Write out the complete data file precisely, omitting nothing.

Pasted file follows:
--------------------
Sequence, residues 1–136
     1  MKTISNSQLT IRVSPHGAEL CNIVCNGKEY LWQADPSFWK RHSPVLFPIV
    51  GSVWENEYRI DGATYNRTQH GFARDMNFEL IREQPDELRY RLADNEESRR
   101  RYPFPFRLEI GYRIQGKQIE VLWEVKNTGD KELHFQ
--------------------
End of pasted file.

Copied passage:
Sequence, residues 1–136
     1  MKTISNSQLT IRVSPHGAEL CNIVCNGKEY LWQADPSFWK RHSPVLFPIV
    51  GSVWENEYRI DGATYNRTQH GFARDMNFEL IREQPDELRY RLADNEESRR
   101  RYPFPFRLEI GYRIQGKQIE VLWEVKNTGD KELHFQ